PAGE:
The reality may well confuse the reader, considering the numerous messages about North Korea standing in full support of Putin’s every step, be it attacking Ukraine or annexing most of the territories he occupied in 2022.

This calls for an important remark on the DPRK's information policy. North Korea has three types of mass media: strictly for domestic consumption, for mixed audiences, and for external use only. Pyongyang is adept at handling each specific group. Voicing support for the Kremlin is only appropriate in outlets for foreign audiences, such as the Korean Central News Agency, the Uriminzokkiri portal, and diplomatic statements. Mass media with both internal and external readers, like North Korea’s main newspaper, Rodong Sinmun, doesn't mention the war at all – as though nothing extraordinary is happening between Russia and Ukraine.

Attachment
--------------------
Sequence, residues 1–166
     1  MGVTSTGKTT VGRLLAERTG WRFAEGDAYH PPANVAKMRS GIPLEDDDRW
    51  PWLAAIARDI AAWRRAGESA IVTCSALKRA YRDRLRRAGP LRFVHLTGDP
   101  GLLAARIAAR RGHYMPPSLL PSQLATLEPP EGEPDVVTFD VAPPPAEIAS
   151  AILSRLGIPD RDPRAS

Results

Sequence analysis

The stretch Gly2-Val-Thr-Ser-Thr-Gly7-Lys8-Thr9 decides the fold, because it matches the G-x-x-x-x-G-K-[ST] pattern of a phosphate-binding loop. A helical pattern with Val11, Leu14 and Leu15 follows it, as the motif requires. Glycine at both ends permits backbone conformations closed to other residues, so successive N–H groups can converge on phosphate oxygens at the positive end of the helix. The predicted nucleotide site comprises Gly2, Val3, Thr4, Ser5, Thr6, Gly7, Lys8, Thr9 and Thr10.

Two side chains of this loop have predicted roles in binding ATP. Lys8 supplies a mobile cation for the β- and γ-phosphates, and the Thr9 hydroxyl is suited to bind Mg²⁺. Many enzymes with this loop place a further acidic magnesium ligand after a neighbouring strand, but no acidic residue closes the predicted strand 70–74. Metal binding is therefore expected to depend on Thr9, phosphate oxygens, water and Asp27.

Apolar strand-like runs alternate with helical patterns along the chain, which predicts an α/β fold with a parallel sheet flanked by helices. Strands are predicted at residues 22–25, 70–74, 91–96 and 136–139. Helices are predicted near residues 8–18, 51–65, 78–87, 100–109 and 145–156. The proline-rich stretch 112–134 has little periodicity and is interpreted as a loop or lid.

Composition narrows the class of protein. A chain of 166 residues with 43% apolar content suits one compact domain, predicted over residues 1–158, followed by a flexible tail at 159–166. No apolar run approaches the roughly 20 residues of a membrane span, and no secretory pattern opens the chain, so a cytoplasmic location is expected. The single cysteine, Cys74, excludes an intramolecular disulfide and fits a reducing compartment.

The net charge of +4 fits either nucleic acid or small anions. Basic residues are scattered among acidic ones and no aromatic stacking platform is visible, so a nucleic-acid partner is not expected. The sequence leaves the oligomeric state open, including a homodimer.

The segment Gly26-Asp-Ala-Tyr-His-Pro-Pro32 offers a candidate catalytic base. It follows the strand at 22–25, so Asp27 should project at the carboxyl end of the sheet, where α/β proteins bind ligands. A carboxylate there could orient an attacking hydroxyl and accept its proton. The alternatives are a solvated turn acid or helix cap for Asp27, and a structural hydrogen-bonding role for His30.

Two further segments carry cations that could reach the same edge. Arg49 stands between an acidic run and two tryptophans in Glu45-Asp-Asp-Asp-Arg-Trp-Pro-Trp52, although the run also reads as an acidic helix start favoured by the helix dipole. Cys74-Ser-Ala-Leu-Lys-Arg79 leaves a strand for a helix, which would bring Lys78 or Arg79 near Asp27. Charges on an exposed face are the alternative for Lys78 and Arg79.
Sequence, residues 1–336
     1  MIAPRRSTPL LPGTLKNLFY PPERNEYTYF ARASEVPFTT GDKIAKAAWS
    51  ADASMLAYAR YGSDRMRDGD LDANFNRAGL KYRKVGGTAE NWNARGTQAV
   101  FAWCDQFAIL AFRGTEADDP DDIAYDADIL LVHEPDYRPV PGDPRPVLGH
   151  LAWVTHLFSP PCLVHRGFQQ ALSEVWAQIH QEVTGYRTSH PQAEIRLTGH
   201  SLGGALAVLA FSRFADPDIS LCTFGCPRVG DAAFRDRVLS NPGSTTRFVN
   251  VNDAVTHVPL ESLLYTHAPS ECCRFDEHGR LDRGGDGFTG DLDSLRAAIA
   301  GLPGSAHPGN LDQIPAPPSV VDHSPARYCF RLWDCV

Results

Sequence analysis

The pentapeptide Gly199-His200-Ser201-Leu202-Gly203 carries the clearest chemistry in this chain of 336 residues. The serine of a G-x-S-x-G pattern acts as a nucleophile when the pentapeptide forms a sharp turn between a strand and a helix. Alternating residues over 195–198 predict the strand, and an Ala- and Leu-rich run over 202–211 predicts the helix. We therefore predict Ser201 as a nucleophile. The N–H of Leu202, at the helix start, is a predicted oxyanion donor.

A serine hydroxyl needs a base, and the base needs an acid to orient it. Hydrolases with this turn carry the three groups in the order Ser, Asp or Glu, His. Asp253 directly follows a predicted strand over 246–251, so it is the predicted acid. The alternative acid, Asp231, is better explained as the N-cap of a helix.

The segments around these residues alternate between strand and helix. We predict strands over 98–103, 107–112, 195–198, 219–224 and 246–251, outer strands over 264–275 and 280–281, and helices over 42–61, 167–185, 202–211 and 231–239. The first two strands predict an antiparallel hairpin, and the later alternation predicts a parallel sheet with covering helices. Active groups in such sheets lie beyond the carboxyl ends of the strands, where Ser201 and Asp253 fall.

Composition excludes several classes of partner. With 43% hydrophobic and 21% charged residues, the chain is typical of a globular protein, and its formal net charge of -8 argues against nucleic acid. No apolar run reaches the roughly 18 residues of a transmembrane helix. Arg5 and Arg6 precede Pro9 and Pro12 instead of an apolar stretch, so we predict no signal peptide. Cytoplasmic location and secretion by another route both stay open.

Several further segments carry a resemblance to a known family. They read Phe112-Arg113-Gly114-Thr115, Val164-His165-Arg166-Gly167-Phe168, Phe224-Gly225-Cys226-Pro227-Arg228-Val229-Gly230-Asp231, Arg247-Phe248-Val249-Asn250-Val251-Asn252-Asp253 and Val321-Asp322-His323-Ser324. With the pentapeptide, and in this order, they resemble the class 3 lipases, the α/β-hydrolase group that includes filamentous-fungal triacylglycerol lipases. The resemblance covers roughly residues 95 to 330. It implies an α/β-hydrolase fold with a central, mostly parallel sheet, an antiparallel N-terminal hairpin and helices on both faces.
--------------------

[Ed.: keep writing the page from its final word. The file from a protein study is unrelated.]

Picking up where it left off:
North Korea voices support for the Kremlin only in outlets for foreign audiences

This brings us to the conclusion that North Korea’s support of the invasion and the Kremlin's other steps is nothing but lip service. It’s not that Kim Jong Un appreciates what Putin does; it's about the North Korean Foreign Ministry hoping to convert Putin's talk of friendship into tangible economic benefits.

Moscow – Pyongyang today: A chasm between word and deed

Overall, the relations between Russia and North Korea are rife with insincerity.

  • Pyongyang claims to stand in full support of Russia's war against Ukraine. Meanwhile, the North Korean government is keeping its citizens completely in the dark about this war.
  • Russia pretends to pursue a wholly independent North Korea policy. Meanwhile, the fluctuations of its policy in the last few years have consistently matched the guidelines of the International Department of the Central Committee of the Chinese Communist Party.